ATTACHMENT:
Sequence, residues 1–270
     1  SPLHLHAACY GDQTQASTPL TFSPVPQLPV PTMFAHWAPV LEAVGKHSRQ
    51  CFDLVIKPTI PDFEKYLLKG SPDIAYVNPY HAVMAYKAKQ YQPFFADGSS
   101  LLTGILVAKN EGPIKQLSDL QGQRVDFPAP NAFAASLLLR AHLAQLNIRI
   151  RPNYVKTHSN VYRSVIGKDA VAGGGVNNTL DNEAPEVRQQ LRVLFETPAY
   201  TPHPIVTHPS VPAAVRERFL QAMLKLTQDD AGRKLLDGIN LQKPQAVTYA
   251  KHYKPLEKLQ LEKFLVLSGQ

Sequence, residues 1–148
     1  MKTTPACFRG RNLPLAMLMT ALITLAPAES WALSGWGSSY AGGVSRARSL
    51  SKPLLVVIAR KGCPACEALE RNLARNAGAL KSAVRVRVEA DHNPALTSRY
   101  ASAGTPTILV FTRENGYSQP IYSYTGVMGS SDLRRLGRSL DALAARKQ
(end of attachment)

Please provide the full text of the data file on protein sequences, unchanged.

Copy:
Sequence, residues 1–270
     1  SPLHLHAACY GDQTQASTPL TFSPVPQLPV PTMFAHWAPV LEAVGKHSRQ
    51  CFDLVIKPTI PDFEKYLLKG SPDIAYVNPY HAVMAYKAKQ YQPFFADGSS
   101  LLTGILVAKN EGPIKQLSDL QGQRVDFPAP NAFAASLLLR AHLAQLNIRI
   151  RPNYVKTHSN VYRSVIGKDA VAGGGVNNTL DNEAPEVRQQ LRVLFETPAY
   201  TPHPIVTHPS VPAAVRERFL QAMLKLTQDD AGRKLLDGIN LQKPQAVTYA
   251  KHYKPLEKLQ LEKFLVLSGQ

Sequence, residues 1–148
     1  MKTTPACFRG RNLPLAMLMT ALITLAPAES WALSGWGSSY AGGVSRARSL
    51  SKPLLVVIAR KGCPACEALE RNLARNAGAL KSAVRVRVEA DHNPALTSRY
   101  ASAGTPTILV FTRENGYSQP IYSYTGVMGS SDLRRLGRSL DALAARKQ